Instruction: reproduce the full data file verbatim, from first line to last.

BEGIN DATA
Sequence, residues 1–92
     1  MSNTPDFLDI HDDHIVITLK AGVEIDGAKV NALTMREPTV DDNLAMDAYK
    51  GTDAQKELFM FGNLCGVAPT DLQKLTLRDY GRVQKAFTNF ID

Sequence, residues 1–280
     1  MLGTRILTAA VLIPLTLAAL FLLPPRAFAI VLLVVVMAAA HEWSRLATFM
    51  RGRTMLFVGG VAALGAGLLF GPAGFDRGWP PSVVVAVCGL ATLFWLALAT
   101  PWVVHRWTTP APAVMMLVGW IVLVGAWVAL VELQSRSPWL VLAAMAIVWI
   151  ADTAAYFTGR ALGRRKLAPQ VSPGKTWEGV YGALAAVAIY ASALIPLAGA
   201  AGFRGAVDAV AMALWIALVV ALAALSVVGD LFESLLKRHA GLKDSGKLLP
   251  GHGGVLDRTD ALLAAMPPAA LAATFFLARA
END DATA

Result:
Sequence, residues 1–92
     1  MSNTPDFLDI HDDHIVITLK AGVEIDGAKV NALTMREPTV DDNLAMDAYK
    51  GTDAQKELFM FGNLCGVAPT DLQKLTLRDY GRVQKAFTNF ID

Sequence, residues 1–280
     1  MLGTRILTAA VLIPLTLAAL FLLPPRAFAI VLLVVVMAAA HEWSRLATFM
    51  RGRTMLFVGG VAALGAGLLF GPAGFDRGWP PSVVVAVCGL ATLFWLALAT
   101  PWVVHRWTTP APAVMMLVGW IVLVGAWVAL VELQSRSPWL VLAAMAIVWI
   151  ADTAAYFTGR ALGRRKLAPQ VSPGKTWEGV YGALAAVAIY ASALIPLAGA
   201  AGFRGAVDAV AMALWIALVV ALAALSVVGD LFESLLKRHA GLKDSGKLLP
   251  GHGGVLDRTD ALLAAMPPAA LAATFFLARA